'Plaintiff was one of a stevedoring company's gang of longshoremen employed to load shipments of steel aboard the defendant's vessel, lying anchored in navigable waters. The steel was being loaded directly from gondola freight cars in which it had been shipped and which were on the pier. During the evening and early morning hours of December 27-28, 1957, the work of loading had been going on. A number of cars had been unloaded and by approximately 3:30 to 4:00 A.M., there were six cars on the pier. The first in line, Car No. 1, had been unloaded some time before and the longshoremen had just completed the unloading of Car No. 2. It was necessary to move Car No. 2 from its position under the boom of the vessel which was opposite the No. 1 hatch and to bring Car No. 3 into its place. There was no shifting engine available to move the cars. The longshoremen therefore attached the bull line from the No. 3 hatch of the vessel to three loaded cars (Nos. 4, 5, and 6) which were coupled together about 150 to 300 feet away, and by employing the bull winch and utilizing the power of the ship's engines jerked the three loaded cars forward. Using the three cars as a kind of battering ram, as plaintiff's counsel well described it, they struck Car No. 3, driving it forward so that it would bump Car No. 2 out of its position. It was necessary, of course, to bring Car No. 3 to a stop when it reached the proper position under the boom. For this purpose one longshoreman stood near the track with chocks and another, the plaintiff, was stationed at the brake of Car No. 3.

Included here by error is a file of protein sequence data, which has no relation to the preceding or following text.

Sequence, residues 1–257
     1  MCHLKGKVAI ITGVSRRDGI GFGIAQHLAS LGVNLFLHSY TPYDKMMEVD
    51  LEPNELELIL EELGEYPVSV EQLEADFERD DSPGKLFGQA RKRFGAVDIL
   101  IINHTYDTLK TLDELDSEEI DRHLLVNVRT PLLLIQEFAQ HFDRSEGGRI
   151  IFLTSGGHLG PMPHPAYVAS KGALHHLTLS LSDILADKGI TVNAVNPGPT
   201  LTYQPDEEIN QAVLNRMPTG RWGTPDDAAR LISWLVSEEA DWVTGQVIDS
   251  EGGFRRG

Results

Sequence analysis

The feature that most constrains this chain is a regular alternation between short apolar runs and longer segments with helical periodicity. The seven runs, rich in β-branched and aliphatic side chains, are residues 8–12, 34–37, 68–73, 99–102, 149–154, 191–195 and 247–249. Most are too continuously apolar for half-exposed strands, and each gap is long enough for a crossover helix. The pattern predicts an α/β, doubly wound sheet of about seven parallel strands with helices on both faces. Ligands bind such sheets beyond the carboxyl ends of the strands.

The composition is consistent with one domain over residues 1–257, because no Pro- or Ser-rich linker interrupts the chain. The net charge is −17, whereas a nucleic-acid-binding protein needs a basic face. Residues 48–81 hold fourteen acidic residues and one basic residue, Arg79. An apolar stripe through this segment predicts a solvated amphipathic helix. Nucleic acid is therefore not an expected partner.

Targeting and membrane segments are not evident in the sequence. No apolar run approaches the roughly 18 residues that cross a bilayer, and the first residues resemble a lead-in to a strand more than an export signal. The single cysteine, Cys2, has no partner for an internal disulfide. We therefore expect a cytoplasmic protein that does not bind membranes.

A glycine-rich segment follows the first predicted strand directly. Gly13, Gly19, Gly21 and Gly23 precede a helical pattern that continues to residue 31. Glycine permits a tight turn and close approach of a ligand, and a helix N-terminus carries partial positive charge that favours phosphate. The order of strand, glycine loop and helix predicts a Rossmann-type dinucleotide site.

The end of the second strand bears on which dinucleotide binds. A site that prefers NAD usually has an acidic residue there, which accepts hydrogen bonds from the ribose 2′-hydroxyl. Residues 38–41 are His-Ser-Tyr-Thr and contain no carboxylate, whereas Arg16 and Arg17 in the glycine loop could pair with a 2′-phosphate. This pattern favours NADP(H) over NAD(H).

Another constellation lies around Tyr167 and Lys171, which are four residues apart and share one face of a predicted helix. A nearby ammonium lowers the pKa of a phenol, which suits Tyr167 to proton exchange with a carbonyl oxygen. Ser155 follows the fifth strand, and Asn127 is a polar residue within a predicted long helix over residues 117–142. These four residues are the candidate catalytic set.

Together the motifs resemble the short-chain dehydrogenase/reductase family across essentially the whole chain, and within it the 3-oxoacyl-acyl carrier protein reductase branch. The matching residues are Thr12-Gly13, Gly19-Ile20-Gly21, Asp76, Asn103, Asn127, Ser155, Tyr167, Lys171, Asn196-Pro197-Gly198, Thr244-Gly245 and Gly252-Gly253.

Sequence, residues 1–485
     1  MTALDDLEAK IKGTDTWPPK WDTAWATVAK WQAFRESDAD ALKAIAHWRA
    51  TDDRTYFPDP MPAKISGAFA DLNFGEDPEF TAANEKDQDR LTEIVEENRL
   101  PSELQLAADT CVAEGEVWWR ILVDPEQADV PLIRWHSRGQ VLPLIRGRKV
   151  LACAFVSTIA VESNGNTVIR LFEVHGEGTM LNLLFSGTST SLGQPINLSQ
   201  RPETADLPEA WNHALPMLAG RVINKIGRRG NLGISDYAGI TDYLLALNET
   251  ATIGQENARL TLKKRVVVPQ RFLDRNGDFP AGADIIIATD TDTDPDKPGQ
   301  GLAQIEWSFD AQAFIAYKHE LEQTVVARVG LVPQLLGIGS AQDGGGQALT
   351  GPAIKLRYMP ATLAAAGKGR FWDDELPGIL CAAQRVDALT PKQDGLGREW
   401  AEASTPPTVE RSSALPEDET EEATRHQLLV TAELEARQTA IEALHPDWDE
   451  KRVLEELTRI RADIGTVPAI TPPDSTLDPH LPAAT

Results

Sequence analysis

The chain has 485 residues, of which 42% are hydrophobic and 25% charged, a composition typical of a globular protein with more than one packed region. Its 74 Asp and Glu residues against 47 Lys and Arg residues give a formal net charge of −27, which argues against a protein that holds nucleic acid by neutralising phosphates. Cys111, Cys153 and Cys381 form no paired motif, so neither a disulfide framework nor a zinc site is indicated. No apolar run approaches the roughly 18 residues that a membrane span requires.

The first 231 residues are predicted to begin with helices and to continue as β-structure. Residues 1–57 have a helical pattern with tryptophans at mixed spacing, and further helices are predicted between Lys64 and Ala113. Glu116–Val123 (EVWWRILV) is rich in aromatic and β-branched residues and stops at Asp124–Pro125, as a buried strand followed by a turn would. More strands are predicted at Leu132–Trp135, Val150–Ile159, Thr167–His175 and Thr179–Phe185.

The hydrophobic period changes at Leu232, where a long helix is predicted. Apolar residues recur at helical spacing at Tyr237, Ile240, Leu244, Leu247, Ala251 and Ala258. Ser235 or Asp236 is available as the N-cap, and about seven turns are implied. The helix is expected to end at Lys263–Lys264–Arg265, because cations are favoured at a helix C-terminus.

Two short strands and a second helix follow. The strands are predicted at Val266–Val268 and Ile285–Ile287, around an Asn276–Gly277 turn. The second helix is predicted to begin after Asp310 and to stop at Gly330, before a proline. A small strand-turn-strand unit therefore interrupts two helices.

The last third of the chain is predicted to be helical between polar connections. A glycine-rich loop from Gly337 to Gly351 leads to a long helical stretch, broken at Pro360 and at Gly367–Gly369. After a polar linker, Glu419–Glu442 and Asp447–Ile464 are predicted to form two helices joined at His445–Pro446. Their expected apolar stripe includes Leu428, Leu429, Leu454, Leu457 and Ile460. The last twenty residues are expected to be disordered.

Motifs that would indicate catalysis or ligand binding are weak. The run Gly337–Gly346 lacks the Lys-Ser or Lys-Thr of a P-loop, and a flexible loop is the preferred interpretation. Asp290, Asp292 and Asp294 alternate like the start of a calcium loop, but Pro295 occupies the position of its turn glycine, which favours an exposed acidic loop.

'When the ship's line, drawn by the winch, pulled the three coupled freight cars into motion they struck Car No. 3 with such force that plaintiff was catapulted to the opposite side of the car and fell between it and the platform, on the side away from the vessel. Two of the wheels of Car No. 3 ran over his left leg and amputated it.'